A prelude to the playoffs? Not Sunday’s baseball game in Great American Ball Park. It was closer to a spring exhibition game in Florida or Arizona.
The Cincinnati Reds and Pittsburgh Pirates decided on Saturday — well, the Pirates did — what needed to be settled and that was which team would be the home team for Tuesday’s National League wild card game.
The Pirates grabbed it with victories over the Reds Friday and Saturday, so Sunday’s game was a meaningless exercise in which by game’s end the lineups were sprinkled with names unfamiliar to the most ardent of fans.
To make it official, the Pirates won, 4-2, completing the three-game sweep. It was announced as a sellout but only about half showed up and the best thing they saw was a two-run double by The People’s Choice, third-string catcher Corky Miller.
So now it is on to the important stuff — the one-game playoff Tuesday in PNC Park where the winner continues in the playoffs and the rest go home to play golf, bowl, hunt, fish or plop into the La-Z-Boy.
With scheduled pitcher Mat Latos fighting loose bone chips and fragments in his elbow, Johnny Cueto is the choice to make certain the Reds play more than one post-season game.
For manager Dusty Baker, it is the right choice.
“He is The Man,” said Baker. “He is Our Man. He is the most competitive person I’ve ever known.”
Cueto was scheduled to pitch Sunday’s meaningless game, but Baker did The Fast Shuffle and held Cueto back for Tuesday.
For Cueto it is a chance to make amends for what happened last year in San Francisco, in Game One of the National League Division Series. Cueto threw eight pitches and left with back spasms. He was supposed to pitch Game 5, but couldn’t answer the bell.
“I was so excited in San Francisco, so emotional, that I overdid it,” said Cueto. “I was trying too much and I don’t really know what happened (to his back) but I think it was about being too emotional for the game.”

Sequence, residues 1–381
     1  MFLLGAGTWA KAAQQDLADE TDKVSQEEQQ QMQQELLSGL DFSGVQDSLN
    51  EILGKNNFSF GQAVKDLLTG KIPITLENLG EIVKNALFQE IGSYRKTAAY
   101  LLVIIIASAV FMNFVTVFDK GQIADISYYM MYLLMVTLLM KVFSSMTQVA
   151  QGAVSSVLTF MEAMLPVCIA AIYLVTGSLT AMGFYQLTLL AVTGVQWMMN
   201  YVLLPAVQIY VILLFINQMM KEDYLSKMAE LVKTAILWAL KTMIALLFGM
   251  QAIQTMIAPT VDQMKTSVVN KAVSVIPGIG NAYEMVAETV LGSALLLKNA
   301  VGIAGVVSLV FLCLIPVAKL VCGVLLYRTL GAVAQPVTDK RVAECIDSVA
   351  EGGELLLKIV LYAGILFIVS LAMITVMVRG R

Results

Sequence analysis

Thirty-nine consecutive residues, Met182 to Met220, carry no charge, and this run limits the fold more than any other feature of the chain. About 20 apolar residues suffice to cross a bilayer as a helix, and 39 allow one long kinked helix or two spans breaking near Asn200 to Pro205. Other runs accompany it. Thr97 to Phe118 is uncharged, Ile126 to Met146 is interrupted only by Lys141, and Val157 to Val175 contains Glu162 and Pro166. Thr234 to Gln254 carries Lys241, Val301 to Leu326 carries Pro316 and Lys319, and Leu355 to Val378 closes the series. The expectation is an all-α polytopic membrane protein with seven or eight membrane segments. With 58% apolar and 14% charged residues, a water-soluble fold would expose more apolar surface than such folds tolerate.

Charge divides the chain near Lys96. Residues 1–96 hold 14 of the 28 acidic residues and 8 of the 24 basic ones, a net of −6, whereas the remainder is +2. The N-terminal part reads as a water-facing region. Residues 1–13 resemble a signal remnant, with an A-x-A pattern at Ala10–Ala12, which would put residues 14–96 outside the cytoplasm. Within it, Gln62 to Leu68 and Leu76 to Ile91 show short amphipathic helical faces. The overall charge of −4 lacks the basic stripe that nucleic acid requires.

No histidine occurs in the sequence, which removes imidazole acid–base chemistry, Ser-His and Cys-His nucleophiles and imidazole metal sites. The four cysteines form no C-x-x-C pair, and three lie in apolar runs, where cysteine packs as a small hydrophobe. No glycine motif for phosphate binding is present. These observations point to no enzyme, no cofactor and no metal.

Cueto spent three separate periods on the disabled list this season and the third time lasted for 10 weeks. It was thought when he returned Sept. 15 that he would work out of the bullpen. But Cueto wanted to try starting.
He made two starts, one against Houston and one against the New York Mets, and was Cueto-esque against two bad teams — 1-0. 0.75 ERA, one run, eight hits, four walks 10 strikeouts in 12 innings.
There was a point where the Reds considered shutting him down for the season and then there were the bullpen thoughts. Many wondered if he could make it back.
“My thoughts were that I started feeling really good when I was hurt (lat injury) and I hoped that when I got back there would be a couple more games to go and hoped I could help them team,” said Cueto. “Now I’m happy they are counting on me in the biggest game of the year.”
So now he faces the resurgent Pirates in a hostile environment, the first-ever postseason game in PNC Park since it opened in 2001. Cueto is 8-2 with a 1.90 ERA in 13 starts, and is 13-4 with a 2.37 ERA in 21 career starts against the Pirates.
Of his success against the Pirates, Cueto said, “I don’t know how to explain that. I just try to do my job. They have a great team with really good players, so I have to do my job.
“I’m feeling really happy and I thank God for this opportunity,” said Cueto. “It is a meaningful game for me, the most important game of the season. All I have to do is keep doing my job. Baseball is still the same and I hope to do what I have to do.”
Cueto admits he was a bit confused when he was originally scheduled to pitch Sunday.
“I had my doubts about pitching Tuesday and I was thinking, ‘Wow, why are they using me Sunday in a game that won’t have any value for us. So I was waiting to see what happened and when the pitching coach called me in Saturday and told me I would be the starter Tuesday I really got happy, really got excited.”
After what happened in San Francisco last year, Cueto hopes to low-key it as much as possible, despite the pressure, despite the howling masses cheering against him.
“I’m going to try to keep it as normal as I can,” he said. “I always was like that for every game, emotional and excited. I always try to be the same, but it was a little more in San Francisco.”
After only two starts, there still is concern about Cueto’s well-being, but he said, “After both my starts since I’ve been back I feel normal, like I’ve been pitching all year.”